The state mangrove cell cleared nearly 500kg trash from the mangroves along with the Carter Road promenade in Bandra on Tuesday, as part of its six-month clean-up drive across the Mumbai Metropolitan Region (MMR).
On Tuesday, 150 students from municipal schools at Khar Danda and Santacruz (East), along with members of NGO Yuva Parivartan, joined the mangrove cell officials and collected 50 bags of trash, mostly plastic stuck to roots of mangrove trees. The students later planted 100 saplings at the spot.
“While Mumbai and surrounding areas have a thick mangrove cover, it is unfortunate most of these areas are littered with garbage,” said N Vasudevan, chief conservator of forest, state mangrove cell. “The plastic and other trash block the roots of these mangroves and sometimes this leads to uprooting of trees. While they protect us from flooding, we want to liberate these trees from litter.”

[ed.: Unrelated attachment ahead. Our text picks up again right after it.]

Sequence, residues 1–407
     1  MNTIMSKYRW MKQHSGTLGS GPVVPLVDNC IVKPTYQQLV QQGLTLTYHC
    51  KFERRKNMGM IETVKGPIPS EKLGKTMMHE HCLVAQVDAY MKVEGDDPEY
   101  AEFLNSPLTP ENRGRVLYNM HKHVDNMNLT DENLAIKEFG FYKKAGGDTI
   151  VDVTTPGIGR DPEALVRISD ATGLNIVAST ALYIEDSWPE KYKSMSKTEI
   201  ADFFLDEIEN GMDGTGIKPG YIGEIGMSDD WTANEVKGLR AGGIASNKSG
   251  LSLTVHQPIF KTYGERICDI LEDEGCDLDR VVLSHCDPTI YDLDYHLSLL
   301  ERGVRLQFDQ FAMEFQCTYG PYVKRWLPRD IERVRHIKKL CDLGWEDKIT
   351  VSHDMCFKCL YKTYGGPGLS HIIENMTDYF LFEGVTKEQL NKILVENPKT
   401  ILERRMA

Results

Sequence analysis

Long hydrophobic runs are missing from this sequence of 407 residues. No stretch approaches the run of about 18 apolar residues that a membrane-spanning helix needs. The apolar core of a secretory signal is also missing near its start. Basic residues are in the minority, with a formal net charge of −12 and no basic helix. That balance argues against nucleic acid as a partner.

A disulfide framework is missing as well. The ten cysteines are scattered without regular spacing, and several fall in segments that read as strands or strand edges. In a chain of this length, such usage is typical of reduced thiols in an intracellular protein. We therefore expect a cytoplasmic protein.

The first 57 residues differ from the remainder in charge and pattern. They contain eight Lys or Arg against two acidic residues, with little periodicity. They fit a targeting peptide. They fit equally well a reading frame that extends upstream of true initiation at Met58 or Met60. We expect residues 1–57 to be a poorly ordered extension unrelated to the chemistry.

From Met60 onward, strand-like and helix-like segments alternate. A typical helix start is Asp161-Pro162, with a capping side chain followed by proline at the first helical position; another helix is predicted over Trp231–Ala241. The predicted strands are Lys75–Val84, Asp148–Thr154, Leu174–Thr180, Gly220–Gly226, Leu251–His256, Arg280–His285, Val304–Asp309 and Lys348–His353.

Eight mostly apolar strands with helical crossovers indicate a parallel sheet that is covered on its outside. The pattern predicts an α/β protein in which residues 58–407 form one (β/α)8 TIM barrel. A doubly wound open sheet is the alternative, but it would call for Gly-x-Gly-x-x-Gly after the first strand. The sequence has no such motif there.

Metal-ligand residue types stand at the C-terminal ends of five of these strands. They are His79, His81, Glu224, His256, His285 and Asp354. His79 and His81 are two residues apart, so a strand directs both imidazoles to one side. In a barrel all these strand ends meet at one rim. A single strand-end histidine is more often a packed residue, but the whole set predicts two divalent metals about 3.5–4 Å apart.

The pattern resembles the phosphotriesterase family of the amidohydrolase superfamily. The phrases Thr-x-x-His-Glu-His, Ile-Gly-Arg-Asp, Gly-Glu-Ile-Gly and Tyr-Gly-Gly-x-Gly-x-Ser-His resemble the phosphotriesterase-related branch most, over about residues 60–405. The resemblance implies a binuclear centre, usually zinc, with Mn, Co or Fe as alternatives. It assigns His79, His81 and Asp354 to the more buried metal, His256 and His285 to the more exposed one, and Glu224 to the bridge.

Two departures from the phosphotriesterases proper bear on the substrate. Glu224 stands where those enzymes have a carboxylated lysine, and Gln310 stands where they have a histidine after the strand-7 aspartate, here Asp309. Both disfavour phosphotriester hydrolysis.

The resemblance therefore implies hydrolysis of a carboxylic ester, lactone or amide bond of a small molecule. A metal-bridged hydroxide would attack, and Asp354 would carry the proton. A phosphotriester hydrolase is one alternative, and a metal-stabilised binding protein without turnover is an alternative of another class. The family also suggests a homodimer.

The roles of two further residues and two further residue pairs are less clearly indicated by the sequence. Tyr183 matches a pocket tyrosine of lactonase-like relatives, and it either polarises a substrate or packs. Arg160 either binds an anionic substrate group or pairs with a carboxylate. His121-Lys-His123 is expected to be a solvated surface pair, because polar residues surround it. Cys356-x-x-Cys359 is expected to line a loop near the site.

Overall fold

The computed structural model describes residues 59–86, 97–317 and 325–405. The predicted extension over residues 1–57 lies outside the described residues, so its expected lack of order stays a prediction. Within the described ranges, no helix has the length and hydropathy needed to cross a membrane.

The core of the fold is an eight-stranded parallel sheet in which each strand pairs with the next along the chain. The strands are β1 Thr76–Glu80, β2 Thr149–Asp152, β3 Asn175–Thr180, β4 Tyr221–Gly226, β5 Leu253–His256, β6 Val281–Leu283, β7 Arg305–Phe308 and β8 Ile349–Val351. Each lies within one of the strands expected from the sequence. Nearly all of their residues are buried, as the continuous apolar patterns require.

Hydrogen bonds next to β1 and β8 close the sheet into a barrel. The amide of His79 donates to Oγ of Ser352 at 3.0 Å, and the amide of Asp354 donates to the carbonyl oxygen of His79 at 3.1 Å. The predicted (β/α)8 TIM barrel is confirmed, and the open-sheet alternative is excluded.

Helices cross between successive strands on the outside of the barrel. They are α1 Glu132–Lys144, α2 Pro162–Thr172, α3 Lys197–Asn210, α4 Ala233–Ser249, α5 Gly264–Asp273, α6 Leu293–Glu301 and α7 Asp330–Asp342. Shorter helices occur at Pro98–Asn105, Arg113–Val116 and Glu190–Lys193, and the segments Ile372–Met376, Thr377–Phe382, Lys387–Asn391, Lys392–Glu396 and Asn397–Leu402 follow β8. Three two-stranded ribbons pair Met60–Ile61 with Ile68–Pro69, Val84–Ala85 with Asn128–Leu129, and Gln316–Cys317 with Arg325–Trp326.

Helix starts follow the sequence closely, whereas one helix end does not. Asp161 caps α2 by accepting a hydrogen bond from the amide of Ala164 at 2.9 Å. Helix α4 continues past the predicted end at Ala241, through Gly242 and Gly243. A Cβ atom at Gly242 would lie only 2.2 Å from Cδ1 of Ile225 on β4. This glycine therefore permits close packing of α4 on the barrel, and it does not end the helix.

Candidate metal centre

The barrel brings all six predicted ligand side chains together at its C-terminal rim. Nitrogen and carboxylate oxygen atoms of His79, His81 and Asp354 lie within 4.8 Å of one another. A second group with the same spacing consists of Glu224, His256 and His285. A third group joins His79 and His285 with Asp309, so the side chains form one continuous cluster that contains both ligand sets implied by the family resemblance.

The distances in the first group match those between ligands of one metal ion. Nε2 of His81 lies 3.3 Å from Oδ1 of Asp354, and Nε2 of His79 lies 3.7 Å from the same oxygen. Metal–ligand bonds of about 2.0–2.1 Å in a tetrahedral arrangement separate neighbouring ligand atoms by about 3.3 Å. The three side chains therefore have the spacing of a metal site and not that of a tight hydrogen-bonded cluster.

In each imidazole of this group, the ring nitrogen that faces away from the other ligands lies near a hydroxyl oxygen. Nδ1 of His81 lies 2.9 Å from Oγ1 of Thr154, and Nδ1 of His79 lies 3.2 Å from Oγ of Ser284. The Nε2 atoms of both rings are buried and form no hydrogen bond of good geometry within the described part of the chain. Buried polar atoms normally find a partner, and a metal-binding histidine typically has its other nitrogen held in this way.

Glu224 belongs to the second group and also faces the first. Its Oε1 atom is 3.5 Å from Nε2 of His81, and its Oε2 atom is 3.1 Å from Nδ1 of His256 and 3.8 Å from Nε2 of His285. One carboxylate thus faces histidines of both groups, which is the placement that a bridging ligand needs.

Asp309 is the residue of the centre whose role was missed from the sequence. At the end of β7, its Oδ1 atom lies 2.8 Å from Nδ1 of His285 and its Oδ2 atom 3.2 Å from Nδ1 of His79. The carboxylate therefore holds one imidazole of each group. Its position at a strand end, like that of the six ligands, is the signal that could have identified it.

Currently, Mumbai has a total of 5,800 hectares (ha) of mangrove cover – 4,000 ha on government-owned land and 1,800 ha in private areas. While Navi Mumbai and the eastern end of Thane creek have a total cover of 1,471 ha, for the western bank of Thane creek it is 1,500 ha.
The cleanup drive will be conducted across another 15 spots in the MMR till the onset of the next monsoon at Colaba, Mahim, Trombay, Malad, Malwani, Borivli, Gorai, Ghatkopar, Wadala, Airoli, Kandivali, Chikuwadi, Vasai-Virar and southern parts of Thane creek.
Vasudevan said mangroves have a great recreational value and are home to a large biodiversity, which includes birds and other wetland creatures. “We would like to make these areas more accessible to people as a tourist spot and to educate students about their importance,” said Vasudevan.